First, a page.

The Berkshires Blog

Berkshire Heritage

By Darcie Sosa

New England is chock full of history and the Berkshires are a concentrated county of these historical treasures. Famous writers, artists, and musicians have all made our home one of culture and beauty. Luckily, these are yours to explore year-round.

One such treasure is Arrowhead, also known as the Herman Melville House. This historic farmhouse museum in Pittsfield was once the home to author Herman Melville during what many literary scholars consider his most productive years as a writer. It was on this very property, Melville wrote some of his major work, including the famous novel Moby-Dick, and other prized novels such as Pierre, Israel Potter, The Confidence-Man, and The Piazza Tales.

The house was built in the 1780s as both a farmhouse and an inn. It remained in private hands until 1975 when the Berkshire County Historical Society acquired the house and a portion of the original property. The Society restored most of the house to Melville’s period and today it operates it as a museum in Melville’s honor. It has been designated a National Historic Landmark and is listed on the National Register of Historic Places. It is open to the public and boasts lovely gardens and summertime events.

Another historic property listed on The National Register of Historic Places is the Bidwell House Museum. Located in Monterey, the house was built in the 1760s by the Reverend Adonijah Bidwell as the demographic center of the township and was located on the route of the Boston-Albany Post Road (a mail route that has turned into a series of highways.) The house was built in the classic Georgian Saltbox style and has two additions, the Ell Addition (1820s) and a Greek Revival/Carriage Barn addition (1840s). Reverend Bidwell, a patriot, was an active supporter of the United States Army. Henry Knox, famous for his leadership of the expedition that carried strategically crucial cannons from Fort Ticonderoga to Dorchester Heights passed through Monterey on that famous mission and historical evidence suggests that Knox may have passed through the Bidwell property on his famous journey.

This property has had a long and storied past. After 100 years of being passed down through generations within the Bidwell family, the house was then sold to the Carrington family for 61 years, then sold to a lumber company in 1914 and then an Art School in 1935, acquiring the name Deepwood Manse. Falling into major disrepair, it was purchased by Jack Hargis and David Brush, two fashion designers from New York City in 1960. They bought it and the adjacent land for the sum of $30,000 and proceeded to spend the next 25 years restoring the house. Finding many of the objects originally owned by the Reverend Bidwell, the house became a museum in 1990. It is open for tours from Thursday through Monday between Memorial Day and Columbus Day, as well as for special events.

Know your history.

Location: Hancock Shaker Village

One of the more well-known historic places in The Berkshires is Hancock Shaker Village. Established in 1791, this former Shaker Village, is now a popular wedding destination and unique experience for the whole family. One of the most notable buildings on the property is the “Round Stone Barn”, built to hold large numbers of cows and built to be in the most efficient style at that time. The other iconic building is the large red-brick dwelling, which served as dormitory housing to more than one hundred of the Shaker’s brothers and sisters. The dwelling was a good advertisement in recruiting new Shaker members, as it showcased the comforts the society provided to its members. These buildings also show the Shakers’ appreciation of the benefits of space, ventilation, and labor-saving modern conveniences.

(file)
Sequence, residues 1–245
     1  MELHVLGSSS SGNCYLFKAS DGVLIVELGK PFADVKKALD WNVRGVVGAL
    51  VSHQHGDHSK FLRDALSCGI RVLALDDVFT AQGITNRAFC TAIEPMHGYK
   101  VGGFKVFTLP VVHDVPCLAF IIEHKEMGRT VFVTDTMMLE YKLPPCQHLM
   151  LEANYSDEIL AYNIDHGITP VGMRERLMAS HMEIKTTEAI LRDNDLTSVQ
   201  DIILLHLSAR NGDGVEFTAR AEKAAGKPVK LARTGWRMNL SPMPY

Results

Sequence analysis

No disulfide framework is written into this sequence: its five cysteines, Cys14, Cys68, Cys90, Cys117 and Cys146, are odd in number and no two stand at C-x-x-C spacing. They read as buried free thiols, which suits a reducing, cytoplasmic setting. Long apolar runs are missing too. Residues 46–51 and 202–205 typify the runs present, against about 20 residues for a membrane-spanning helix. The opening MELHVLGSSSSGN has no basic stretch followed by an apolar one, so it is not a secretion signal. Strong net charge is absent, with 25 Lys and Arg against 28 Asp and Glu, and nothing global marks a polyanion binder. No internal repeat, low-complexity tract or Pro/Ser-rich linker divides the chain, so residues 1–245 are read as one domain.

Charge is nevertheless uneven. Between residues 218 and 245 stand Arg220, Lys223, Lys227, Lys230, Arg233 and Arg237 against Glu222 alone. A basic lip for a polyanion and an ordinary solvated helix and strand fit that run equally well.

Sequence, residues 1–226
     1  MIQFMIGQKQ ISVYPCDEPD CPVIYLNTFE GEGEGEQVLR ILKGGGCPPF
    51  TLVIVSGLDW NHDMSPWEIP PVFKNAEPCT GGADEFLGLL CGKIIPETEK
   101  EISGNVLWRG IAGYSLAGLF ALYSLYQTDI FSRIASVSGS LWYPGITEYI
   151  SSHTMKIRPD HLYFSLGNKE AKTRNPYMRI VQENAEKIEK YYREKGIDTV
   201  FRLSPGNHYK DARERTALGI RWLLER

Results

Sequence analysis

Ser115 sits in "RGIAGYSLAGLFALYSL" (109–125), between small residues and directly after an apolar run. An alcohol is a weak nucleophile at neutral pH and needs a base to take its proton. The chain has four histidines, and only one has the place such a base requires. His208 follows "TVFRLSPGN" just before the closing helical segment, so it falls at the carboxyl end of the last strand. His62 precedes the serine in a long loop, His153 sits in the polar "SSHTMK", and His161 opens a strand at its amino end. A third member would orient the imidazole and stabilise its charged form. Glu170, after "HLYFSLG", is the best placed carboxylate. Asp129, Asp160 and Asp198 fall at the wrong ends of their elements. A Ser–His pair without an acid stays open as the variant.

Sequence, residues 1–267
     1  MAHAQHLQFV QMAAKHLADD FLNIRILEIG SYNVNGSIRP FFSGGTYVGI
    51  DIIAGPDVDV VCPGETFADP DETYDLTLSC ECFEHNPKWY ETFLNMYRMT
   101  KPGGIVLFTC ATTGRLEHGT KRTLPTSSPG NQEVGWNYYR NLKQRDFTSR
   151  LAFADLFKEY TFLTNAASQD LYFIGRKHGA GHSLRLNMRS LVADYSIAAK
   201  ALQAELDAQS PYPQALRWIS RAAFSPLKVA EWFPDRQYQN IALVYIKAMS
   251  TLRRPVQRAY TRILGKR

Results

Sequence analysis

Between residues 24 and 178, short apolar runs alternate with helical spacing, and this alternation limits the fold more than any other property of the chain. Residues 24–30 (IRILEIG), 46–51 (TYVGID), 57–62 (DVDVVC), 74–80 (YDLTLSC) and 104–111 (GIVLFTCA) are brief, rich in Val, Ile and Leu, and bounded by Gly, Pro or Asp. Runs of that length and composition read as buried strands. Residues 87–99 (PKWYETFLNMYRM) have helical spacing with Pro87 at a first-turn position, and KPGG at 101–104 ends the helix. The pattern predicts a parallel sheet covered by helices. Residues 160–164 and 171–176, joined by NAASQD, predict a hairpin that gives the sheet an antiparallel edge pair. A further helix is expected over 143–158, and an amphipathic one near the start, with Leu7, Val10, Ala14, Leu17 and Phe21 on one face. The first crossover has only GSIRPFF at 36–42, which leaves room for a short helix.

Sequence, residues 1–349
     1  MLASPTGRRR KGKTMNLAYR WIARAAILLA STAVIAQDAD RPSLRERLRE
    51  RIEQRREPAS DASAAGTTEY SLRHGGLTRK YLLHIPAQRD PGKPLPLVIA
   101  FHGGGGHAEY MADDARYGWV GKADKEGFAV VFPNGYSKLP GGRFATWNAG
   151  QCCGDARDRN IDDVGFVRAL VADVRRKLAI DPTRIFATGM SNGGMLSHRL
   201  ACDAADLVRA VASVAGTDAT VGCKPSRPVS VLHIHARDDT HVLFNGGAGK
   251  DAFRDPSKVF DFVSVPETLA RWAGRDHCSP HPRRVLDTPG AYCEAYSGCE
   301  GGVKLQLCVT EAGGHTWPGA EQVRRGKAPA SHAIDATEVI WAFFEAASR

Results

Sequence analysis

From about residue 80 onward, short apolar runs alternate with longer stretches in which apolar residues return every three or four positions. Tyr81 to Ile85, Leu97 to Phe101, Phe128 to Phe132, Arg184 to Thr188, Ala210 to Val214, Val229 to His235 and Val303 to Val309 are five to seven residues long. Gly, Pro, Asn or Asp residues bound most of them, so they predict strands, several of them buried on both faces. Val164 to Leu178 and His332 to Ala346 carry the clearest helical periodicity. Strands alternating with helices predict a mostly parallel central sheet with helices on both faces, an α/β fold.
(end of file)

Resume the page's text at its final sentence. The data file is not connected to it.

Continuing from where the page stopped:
In 1960, the Shaker Central Ministry closed the Hancock community and sold its buildings and land. The not-for-profit Hancock Shaker Village, Inc. was formed and purchased the property to preserve the historic site. It was added to the National Register of Historic Places and declared a National Historic Landmark District in 1968. Over 60,000 people visit the museum between April and October each year. It has 20 historic buildings with over 22,000 artifacts, extensive gardens, a working farm, and hiking trails, and demonstrations. Several special celebrations take place throughout the season, including Baby Animals on the Shaker Farm in the spring and Country Fair in the fall and is open to private renting and is a popular choice for weddings.

History and historic preservation have played a huge role in shaping the feel and look of the Berkshires. Visiting these landmarks allows us a small peek into the lives of the people that came before us in our beloved Berkshires.

Darcie Sosa is a Berkshire marketing/PR professional, who when isn’t working loves being outside hiking with her dogs, going to live music and theater shows, networking, trying new restaurants and volunteering for local nonprofits. She is an alumni of Berkshire Community College, Massachusetts College of Liberal Arts, and University of Massachusetts, Amherst.